FROM THE PASS TO THE PUEBLOS
El Camino Real de Tierra Adentro National Historic Trail
By George D. Torok, PhD
A History and Guide to Sites along El Camino Real National Historic Trail.
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El Camino Real de Tierra Adentro, the Royal Road of the Interior, was a 1,600-mile braid of trails that led from Mexico City, in the center of New Spain, to the provincial capital of New Mexico on the edge of the empire’s northern frontier. The Royal Road served as a lifeline for the colonial system from its founding in 1598 until the last days of Spanish rule in the 1810s. Throughout the Mexican and American Territorial periods, the Camino Real expanded, becoming part of a larger continental and international transportation system and, until the trail was replaced by railroads in the late nineteenth century, functioned as the main pathway for conquest, migration, settlement, commerce, and culture in today’s American Southwest. More than 400 miles of the original trail lie within the United States today, and stretch from present-day San Elizario, Texas to Santa Fe, New Mexico. This segment comprises El Camino Real de Tierra Adentro National Historic Trail. It was added to the United States National Trail System in 2000 and is still in use today.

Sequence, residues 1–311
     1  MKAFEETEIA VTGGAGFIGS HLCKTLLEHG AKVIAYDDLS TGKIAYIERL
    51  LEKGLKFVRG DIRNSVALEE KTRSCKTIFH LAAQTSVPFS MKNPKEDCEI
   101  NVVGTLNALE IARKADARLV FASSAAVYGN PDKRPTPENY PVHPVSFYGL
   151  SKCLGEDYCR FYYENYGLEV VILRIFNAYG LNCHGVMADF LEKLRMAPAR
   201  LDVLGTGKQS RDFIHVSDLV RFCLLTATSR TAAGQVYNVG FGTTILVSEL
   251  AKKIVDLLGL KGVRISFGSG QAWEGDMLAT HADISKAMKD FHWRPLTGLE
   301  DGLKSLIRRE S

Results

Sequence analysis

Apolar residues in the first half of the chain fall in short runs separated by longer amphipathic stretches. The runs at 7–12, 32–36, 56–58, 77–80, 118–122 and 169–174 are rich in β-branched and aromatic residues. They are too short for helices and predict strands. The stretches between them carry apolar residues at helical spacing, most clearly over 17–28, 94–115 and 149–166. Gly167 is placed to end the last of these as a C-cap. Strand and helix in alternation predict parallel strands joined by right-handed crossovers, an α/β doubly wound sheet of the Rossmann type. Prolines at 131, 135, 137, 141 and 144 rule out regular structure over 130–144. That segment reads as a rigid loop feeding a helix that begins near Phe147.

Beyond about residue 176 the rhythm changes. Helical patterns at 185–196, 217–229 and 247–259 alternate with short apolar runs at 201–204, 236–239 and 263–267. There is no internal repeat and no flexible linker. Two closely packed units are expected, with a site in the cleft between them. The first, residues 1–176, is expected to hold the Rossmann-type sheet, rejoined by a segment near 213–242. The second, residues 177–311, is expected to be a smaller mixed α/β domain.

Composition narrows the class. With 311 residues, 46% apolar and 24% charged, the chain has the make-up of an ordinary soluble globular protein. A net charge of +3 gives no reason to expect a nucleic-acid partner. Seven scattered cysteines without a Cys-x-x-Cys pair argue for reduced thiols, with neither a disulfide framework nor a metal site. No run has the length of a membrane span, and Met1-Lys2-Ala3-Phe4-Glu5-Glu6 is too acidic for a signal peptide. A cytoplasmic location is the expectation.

This book guides the reader along the trail with histories and overviews of places in New Mexico, West Texas and the Ciudad Juárez area. It includes a broad overview of the trail’s history from 1598 until the arrival of the railroads in the 1880s, and describes the communities, landscape, archaeology, architecture, and public interpretation of this historic transportation corridor.
George D. Torok completed a PhD in history at the State University of New York at Buffalo in 1991, and is a history professor at El Paso Community College. Since 1999, he has worked with the United States National Park Service, the Bureau of Land Management, and countless regional agencies and associations to organize events, develop interpretive sites, and promote a greater public awareness of El Camino Real. In 2003, he served as the Camino Real de Tierra Adentro Trail Association’s first president. He has written numerous articles and a guidebook to historic Appalachian mining towns.
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